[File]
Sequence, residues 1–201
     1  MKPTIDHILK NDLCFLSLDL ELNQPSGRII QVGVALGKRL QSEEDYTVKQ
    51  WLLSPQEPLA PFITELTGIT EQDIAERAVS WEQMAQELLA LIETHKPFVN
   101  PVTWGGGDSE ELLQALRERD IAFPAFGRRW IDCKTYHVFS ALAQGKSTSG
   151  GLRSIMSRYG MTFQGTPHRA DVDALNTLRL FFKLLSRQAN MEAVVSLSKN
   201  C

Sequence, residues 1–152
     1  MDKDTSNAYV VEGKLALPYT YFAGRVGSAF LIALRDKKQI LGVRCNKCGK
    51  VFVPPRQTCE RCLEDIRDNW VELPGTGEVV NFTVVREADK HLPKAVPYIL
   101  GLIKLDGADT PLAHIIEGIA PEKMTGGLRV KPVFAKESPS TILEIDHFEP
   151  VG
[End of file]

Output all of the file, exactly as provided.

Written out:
Sequence, residues 1–201
     1  MKPTIDHILK NDLCFLSLDL ELNQPSGRII QVGVALGKRL QSEEDYTVKQ
    51  WLLSPQEPLA PFITELTGIT EQDIAERAVS WEQMAQELLA LIETHKPFVN
   101  PVTWGGGDSE ELLQALRERD IAFPAFGRRW IDCKTYHVFS ALAQGKSTSG
   151  GLRSIMSRYG MTFQGTPHRA DVDALNTLRL FFKLLSRQAN MEAVVSLSKN
   201  C

Sequence, residues 1–152
     1  MDKDTSNAYV VEGKLALPYT YFAGRVGSAF LIALRDKKQI LGVRCNKCGK
    51  VFVPPRQTCE RCLEDIRDNW VELPGTGEVV NFTVVREADK HLPKAVPYIL
   101  GLIKLDGADT PLAHIIEGIA PEKMTGGLRV KPVFAKESPS TILEIDHFEP
   151  VG